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Tag Archives: Career

Coach’s Corner: Finder, grinder or minder – what type of lawyer are you?

For law firms to be successful they must be more than a collection of single practitioners. Success in the law, like success at sports, is a team effort - if the team isn't firing on all cylinders, it gets away from what made it successful and people no longer play their true roles. No law firm can be profitable and growing without a range of skills and abilities. Not every player on a sports team is expected to be a star, and not every lawyer in a law firm should be expected to play similar roles in the life of the firm.

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Legal career path adds intersections, off ramps (access required)

Charlotte attorney Gene Pridgen graduated from law school in 1978 with a clear-cut career path in front of him. He'd clerked for the large firm of Kennedy Covington - now K&L Gates - the previous summer and received a subsequent offer for a position as an associate. Five years later, he made partner. Pridgen called his longevity at the firm typical for lawyers of his generation. But times have changed. New lawyers who aspire to ascend the ranks at large firms may not follow the straight-arrow path to partnership that attorneys once did, opting instead for lateral moves or taking experimental detours into government or in-house work.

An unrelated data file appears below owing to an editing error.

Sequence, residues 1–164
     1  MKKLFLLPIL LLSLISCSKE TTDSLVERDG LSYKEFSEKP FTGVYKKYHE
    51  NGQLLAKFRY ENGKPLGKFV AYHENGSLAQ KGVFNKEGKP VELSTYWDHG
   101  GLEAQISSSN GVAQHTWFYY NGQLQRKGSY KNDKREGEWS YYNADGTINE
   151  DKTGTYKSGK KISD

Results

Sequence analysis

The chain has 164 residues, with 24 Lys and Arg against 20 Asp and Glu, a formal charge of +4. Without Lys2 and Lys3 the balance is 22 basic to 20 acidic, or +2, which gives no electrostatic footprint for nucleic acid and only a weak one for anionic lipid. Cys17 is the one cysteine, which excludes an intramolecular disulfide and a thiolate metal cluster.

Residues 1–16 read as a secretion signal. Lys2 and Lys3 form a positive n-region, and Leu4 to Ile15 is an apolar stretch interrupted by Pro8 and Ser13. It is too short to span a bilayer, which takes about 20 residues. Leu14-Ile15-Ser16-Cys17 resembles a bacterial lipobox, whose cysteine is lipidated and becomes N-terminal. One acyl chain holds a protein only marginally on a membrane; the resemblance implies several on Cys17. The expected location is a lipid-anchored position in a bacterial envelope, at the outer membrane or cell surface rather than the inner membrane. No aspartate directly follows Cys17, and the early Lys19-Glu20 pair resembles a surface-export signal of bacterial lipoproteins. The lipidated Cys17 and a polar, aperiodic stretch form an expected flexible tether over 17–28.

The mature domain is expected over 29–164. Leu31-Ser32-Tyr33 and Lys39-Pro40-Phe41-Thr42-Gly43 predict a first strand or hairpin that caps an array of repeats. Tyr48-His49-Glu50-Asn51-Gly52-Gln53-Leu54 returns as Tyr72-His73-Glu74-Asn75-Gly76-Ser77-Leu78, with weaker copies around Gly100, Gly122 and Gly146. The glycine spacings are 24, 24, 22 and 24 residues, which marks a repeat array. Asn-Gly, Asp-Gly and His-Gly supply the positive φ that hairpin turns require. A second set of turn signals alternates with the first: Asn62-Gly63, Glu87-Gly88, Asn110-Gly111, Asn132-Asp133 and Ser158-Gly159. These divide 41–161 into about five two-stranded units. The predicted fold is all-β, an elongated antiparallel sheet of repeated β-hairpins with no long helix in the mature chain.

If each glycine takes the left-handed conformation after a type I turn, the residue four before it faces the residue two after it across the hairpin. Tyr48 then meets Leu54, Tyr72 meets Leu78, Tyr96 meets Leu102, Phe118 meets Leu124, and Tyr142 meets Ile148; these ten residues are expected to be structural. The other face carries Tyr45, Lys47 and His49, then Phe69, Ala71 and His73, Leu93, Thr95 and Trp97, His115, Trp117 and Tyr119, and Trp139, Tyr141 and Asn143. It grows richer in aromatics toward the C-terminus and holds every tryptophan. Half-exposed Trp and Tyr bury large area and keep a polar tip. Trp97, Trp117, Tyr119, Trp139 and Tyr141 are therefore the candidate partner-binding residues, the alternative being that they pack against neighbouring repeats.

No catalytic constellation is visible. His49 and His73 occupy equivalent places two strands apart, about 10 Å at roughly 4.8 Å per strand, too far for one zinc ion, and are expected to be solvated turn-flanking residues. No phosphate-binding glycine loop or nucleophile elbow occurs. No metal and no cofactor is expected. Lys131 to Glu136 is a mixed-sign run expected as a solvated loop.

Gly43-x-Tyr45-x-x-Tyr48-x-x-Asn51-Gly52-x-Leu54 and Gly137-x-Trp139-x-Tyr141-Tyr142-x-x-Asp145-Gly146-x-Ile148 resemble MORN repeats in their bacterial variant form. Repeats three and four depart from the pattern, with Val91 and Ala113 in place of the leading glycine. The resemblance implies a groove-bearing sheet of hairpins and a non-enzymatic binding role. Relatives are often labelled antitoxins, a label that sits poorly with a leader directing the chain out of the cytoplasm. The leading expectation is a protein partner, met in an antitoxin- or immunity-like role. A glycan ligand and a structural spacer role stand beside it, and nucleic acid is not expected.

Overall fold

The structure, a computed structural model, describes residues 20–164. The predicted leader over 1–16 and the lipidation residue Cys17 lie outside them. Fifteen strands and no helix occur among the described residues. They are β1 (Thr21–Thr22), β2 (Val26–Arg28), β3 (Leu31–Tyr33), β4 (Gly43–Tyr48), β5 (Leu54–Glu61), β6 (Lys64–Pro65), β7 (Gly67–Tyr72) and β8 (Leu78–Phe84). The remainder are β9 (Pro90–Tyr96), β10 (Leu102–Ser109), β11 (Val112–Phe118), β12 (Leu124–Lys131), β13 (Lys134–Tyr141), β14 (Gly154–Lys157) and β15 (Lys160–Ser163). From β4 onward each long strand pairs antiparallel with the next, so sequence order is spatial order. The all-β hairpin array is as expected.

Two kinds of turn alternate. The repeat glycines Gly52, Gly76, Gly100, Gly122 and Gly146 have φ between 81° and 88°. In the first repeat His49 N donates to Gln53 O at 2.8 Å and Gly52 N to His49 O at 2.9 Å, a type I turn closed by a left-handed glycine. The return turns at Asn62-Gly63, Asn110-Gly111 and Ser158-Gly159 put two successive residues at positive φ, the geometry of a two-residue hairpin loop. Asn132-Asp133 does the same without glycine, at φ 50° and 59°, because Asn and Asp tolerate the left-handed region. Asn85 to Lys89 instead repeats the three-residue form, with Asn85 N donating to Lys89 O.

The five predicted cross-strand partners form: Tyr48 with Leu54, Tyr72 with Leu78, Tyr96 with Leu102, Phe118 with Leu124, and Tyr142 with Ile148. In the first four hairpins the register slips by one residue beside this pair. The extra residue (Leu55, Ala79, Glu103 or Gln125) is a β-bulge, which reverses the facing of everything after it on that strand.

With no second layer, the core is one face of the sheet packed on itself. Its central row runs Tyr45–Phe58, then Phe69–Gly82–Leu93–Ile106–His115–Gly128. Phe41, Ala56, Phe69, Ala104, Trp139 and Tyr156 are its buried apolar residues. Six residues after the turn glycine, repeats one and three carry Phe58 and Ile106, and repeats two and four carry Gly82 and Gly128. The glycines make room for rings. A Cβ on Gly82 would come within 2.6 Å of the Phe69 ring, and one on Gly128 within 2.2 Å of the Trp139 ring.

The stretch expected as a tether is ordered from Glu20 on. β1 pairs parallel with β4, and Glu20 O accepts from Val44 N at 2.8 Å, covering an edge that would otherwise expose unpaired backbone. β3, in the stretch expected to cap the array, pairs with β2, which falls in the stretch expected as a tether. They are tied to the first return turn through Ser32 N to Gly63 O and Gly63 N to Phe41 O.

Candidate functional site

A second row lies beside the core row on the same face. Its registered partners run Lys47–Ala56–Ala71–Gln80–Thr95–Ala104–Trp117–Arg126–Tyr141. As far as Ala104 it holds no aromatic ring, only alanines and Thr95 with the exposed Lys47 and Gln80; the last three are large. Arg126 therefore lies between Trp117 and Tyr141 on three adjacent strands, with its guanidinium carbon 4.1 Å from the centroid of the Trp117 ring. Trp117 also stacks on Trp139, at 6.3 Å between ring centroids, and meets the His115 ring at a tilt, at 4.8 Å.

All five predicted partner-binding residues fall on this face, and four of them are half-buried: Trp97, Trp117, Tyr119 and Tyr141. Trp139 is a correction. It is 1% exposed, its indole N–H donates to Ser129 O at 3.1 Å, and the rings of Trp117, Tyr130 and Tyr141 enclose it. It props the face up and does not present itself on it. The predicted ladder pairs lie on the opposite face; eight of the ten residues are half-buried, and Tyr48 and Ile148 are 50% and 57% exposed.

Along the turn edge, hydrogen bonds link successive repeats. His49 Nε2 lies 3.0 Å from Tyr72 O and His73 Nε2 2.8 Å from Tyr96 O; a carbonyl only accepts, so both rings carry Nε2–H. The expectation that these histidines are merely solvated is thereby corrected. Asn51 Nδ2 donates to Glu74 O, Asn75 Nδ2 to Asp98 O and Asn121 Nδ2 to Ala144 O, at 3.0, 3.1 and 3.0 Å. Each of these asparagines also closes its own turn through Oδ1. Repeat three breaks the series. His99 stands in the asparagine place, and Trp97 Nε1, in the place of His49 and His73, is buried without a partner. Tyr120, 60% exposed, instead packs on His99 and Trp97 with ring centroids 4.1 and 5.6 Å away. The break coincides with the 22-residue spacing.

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ABA ponders ‘Truth in Law School Education’ (access required)

Law schools need to be more transparent about the costs and employment data they give to applicants, and it's time to make that happen. So says American Bar Association President Steve Zack (pictured), who recently told a group of educators that the ABA is considering whether to increase the types of information that schools are required to disclose to consumers.

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Weighing the value of LL.M. (access required)

LL.M. = Lawyers Losing Money. That's a running joke in the online legal world these days, where bloggers and practitioners puzzle over whether a master of laws degree yields valuable returns for recipients or simply plunges them into another year's worth of law school debt. It's not an easy question to answer. On one hand, the demand is certainly there. The number of LL.M.s granted by American Bar Association-approved schools grew by 65 percent between 1999 and 2009, according to a September article in the National Law Journal. North Carolina schools are trending upwards, too.

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Vocation variation: A cop, a cabinetmaker and others find second careers in the law (access required)

Guns, drugs, high-speed chases, pit bulls and stakeouts. Sounds like all of the ingredients of an action movie, but it actually describes the early days of Charlotte attorney Mark Simpson's career. And he didn't practice criminal law - at least not in the traditional sense. Simpson is one of many "second-career" lawyers - those who started off working in one job only to switch to law mid-stroke.

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